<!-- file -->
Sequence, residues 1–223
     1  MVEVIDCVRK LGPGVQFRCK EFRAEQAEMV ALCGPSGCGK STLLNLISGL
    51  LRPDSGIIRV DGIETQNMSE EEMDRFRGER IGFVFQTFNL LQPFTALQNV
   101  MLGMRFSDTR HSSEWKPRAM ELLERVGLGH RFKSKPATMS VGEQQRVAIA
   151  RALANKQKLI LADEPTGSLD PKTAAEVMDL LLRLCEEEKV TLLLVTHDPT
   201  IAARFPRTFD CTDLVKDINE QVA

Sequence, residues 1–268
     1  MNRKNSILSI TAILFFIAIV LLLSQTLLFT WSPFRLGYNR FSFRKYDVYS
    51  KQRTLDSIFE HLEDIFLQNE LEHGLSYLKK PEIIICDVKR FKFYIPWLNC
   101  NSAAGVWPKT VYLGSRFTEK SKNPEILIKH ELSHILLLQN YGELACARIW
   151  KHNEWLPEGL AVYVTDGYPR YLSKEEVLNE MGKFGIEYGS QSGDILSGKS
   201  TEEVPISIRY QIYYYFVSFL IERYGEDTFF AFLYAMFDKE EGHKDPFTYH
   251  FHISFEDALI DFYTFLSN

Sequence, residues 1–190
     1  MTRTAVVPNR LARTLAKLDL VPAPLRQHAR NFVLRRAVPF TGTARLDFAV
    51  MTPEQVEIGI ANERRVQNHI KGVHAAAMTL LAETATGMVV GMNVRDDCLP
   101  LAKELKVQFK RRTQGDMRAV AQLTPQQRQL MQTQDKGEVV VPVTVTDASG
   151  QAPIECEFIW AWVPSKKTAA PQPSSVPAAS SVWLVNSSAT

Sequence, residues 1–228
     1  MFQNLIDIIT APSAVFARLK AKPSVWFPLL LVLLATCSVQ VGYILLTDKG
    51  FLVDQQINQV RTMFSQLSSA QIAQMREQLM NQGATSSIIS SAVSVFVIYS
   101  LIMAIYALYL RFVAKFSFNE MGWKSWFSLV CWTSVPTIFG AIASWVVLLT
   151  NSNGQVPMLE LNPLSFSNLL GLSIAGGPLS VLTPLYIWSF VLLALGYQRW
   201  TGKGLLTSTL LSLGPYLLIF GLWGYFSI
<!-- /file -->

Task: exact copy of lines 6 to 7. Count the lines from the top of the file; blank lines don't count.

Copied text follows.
   201  IAARFPRTFD CTDLVKDINE QVA

Sequence, residues 1–268